There’s a song that’s been playing on the radio a lot lately that’s pretty catchy, but I have no idea what the heck they’re singing about. The tune is called “No Speak Americano” by Australian duo Yolanda Be Cool and it’s got a musical track that’s really great fun (Check it out here). The words are adapted from an old Italian song called “Tu vuo fa l’americano”, so obviously the lyrics are in Italian. Listening to the song got me to thinking of other non-English songs that have made it big here in the US and I was able to come up with several well-known foreign language tunes. Take a look:
Those Italian American Classics
Back in the days of the Rat Pack, Italian American songs were all over the place. Though many of these songs were sung primarily in English, there were enough Italian words to qualify them for this list. Many people will surely remember such hits as ” That’s Amore ” by Dean Martin, ” Volare ” by Domenico Modugno, ” Mambo Italiano ” by Rosemary Clooney, ” Eh Cumpari ” by Julius LaRosa, and so many more! (Click on the links to take a listen!)
These songs have been popular in the years since they were first released back in the late 50’s/early to mid 60’s, especially with the popularity of mobster movies such as “The Godfather” and “Goodfellas” as well as the hit TV show “The Sopranos.” There are countless CD compilations of these Italian American hits and they’re still as popular as ever.
La Bamba – Ritchie Valens
Who can forget this Spanish language ditty from 1958? The song was actually an adapted version of a traditional Mexican folk song by a singer who didn’t even speak Spanish. The song is ranked #345 on Rolling Stone Magazine’s list of the 500 Greatest Songs of All Time and its title was also the name of the very popular biographical movie of Valens’ tragic life. You can check out the song here .
Danke Shoen – Wayne Newton
When I think of this song, I hearken back to the hilarious parade scene in “Ferris Beuller’s Day Off,” when Matthew Broderick lip syncs it from atop a float. At first I thought the song was sung by a female, but later found out it was a very young (21 years old!) Wayne Newton. Though most of the song’s lyrics are in English, we all learned how to say “thank you” in German. Watch Newton performing the song right here .
Oye Como Va – Tito Puente / Santana
Both versions of this Spanish language tune are well known, with Santana’s 1970 rendering hitting it big at #13 on Billboard’s Hot 100 Chart. The title of the song literally means “listen to how it goes”, but its more colloquial meaning is more like “what’s up?” The song’s been covered so many times it’s difficult to determine just how many versions there really are out there. Check out Puente’s version of the song here and Santana’s here .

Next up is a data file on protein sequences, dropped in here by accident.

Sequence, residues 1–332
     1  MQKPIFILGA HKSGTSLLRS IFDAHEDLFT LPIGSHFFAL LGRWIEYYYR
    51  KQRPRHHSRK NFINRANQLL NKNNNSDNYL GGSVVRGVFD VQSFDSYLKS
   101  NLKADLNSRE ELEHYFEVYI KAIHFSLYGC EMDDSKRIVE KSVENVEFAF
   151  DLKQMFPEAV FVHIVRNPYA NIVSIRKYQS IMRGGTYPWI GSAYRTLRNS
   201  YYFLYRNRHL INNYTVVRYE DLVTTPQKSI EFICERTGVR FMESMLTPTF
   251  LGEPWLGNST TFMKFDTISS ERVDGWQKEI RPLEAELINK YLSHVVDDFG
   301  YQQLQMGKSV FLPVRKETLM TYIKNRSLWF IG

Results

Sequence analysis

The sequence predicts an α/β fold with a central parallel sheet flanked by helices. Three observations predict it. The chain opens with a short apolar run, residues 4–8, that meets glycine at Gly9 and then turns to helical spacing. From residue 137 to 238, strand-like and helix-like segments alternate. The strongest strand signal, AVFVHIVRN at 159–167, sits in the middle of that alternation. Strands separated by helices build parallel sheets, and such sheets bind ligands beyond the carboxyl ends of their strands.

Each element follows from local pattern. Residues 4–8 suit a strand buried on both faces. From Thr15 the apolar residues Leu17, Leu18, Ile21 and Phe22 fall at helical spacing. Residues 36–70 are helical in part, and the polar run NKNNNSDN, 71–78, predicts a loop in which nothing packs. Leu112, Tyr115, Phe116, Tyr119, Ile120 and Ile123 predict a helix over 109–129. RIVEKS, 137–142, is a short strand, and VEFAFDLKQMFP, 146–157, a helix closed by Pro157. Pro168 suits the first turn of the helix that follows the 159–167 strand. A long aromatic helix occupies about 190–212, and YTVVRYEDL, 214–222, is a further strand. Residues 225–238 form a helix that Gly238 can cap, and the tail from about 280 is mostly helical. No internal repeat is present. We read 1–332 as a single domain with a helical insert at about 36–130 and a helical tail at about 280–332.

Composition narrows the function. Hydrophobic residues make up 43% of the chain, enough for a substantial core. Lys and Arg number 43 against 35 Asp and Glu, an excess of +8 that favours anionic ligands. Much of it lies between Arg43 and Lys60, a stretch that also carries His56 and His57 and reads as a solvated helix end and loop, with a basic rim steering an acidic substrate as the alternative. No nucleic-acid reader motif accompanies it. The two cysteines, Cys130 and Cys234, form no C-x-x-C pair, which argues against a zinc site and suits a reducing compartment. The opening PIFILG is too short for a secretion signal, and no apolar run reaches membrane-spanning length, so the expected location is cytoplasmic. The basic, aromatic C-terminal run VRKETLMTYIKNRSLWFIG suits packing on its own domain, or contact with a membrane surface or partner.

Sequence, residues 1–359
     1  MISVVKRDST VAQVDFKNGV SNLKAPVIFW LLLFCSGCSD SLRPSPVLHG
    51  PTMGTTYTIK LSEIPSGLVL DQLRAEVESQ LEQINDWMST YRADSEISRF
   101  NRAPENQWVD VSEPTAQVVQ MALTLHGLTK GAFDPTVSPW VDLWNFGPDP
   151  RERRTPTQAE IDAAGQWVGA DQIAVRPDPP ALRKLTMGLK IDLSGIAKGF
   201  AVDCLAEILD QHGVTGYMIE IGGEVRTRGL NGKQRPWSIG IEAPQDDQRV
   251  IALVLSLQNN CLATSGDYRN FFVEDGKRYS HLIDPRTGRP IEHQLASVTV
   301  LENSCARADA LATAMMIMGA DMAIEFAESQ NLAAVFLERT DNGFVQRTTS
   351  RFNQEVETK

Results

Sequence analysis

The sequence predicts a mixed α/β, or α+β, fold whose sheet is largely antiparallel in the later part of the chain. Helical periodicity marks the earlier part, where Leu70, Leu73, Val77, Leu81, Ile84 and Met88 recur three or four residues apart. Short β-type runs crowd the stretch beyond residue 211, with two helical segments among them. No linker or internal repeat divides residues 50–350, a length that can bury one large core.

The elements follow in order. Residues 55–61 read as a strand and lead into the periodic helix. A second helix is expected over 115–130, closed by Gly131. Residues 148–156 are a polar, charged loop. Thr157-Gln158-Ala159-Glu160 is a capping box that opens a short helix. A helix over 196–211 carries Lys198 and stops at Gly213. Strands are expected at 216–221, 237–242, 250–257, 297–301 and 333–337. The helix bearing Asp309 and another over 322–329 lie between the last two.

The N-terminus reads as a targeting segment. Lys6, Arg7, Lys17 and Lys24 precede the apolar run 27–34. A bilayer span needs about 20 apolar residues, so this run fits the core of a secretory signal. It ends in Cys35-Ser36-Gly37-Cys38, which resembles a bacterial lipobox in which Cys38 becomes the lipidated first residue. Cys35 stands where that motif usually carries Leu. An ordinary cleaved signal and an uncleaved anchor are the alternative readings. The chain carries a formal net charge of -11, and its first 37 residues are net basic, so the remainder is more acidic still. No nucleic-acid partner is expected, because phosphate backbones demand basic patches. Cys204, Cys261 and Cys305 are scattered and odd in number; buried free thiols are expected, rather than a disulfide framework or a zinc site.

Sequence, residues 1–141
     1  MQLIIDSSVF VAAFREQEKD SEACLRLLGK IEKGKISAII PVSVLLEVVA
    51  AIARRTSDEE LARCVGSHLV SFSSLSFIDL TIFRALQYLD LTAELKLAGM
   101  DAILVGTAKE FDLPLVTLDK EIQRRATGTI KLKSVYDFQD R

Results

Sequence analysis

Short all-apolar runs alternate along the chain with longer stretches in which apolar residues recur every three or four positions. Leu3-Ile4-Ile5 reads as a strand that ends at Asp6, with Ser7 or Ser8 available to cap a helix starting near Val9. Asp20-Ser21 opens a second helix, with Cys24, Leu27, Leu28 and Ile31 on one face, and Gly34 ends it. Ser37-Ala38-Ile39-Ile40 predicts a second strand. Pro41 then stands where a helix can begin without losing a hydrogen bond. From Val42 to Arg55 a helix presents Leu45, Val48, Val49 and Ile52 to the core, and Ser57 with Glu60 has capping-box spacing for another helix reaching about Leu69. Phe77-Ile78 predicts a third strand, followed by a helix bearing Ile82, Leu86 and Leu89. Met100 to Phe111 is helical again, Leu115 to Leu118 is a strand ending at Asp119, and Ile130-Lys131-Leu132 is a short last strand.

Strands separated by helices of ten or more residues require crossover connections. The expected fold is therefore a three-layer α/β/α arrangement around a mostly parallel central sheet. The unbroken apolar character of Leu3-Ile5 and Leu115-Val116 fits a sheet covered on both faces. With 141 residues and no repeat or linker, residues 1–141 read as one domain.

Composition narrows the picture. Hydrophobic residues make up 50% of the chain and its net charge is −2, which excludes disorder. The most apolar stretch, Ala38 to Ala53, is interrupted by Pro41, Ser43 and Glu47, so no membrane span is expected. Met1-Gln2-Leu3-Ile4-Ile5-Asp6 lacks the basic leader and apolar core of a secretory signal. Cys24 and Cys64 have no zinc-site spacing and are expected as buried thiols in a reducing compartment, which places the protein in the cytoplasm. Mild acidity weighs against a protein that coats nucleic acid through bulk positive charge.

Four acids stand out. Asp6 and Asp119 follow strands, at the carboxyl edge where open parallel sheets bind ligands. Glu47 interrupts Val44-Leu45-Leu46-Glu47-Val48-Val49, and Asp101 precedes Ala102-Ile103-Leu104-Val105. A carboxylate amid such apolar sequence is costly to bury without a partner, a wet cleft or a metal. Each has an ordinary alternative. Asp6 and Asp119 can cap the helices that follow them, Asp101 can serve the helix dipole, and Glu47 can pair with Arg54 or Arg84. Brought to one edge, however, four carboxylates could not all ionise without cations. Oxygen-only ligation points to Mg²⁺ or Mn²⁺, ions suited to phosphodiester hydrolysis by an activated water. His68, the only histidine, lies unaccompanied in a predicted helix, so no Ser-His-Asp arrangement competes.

Sukiyaki – Kyu Sakamoto
This is the one song on the list that I don’t know, but virtually every search I performed for foreign language hits in the US contained it. To date, it is the only Japanese language song ever to reach the top of the Billboard charts back in 1963. It was covered by renowned disco group A Taste of Honey back in 1981. You can check Sakamoto performing the song right here .
Feliz Navidad – Jose Feliciano
Thanks to this perennial Christmas favorite, virtually every English-speaking American knows how to say “Merry Christmas” in Spanish. Watch a performance of the song here .
99 Luftballons/99 Red Balloons – Nena
Back in 1983, German singer Nena recorded a song that became an international hit. Hoping to capitalize on the success of the song in the English-speaking world, the tune was loosely translated into English and rerecorded by the singer a year later. The new version sparked at #2 on Billboard’s Hot 100 Chart and though it was the English version that hit it big, there was enough interest in the song to get the German version some airplay, as well. The title of the song literally means “99 Air Balloons”, but was changed to “99 Red Balloons” for the English translation. Check out the German version here and the English one here.
Macarena – Los del Mar
This is probably one of the most recognizable foreign language songs on this list. The song was performed by long-time Spanish language act Los del Mar, who had been singing together sing the 60’s. When it was released in 1995, it instantly became a worldwide smash, sparking a dance that would become a massively popular trend all unto itself. The song sold over 4 million copies and spent a record 14 weeks in the number one spot. VH1 named it the “#1 Greatest One Hit Wonder of All Time.” Take another look and listen to “Macarena” here.
Asereje/The Ketchup Song – Las Ketchup
This was a silly song that loosely bases its chorus on the Sugar Hill Gang’s “Rappers Delight.” It was more of a success internationally than here in the US, but it did garner enough airplay to get noticed. Check out the video for “The Ketchup Song” here.
Dragonsta din Tei – O-Zone
Sometimes referred to as the “Numa Numa” song, this 2004 international smash by Moldovan boy band O-Zone has an irresistibly catchy hook, even though there’s not a word of English in the entire song (The words are written and performed in Romanian.). The song has been remade and reworked many times over, including a parody by the Sesame Street characters (check it out here) and as a sample in the hit song “Live Your Life”, featuring T.I. and Rihanna (check this one out right here). The title, “Dragonsta din Tei” has proven to be difficult to translate, but who really cares anyway? It’s a fun song! Take a look at O-Zone performing the song here.
It’s not often that foreign languages make their way into the American music scene, so when they do it’s got to be quite special. All of the songs on this list have made a rare impact on American pop culture and are all worthy of an occasional listen. Feel free to add any other foreign language songs that you may know and I might have missed in the comment section below. In the meantime, enjoy!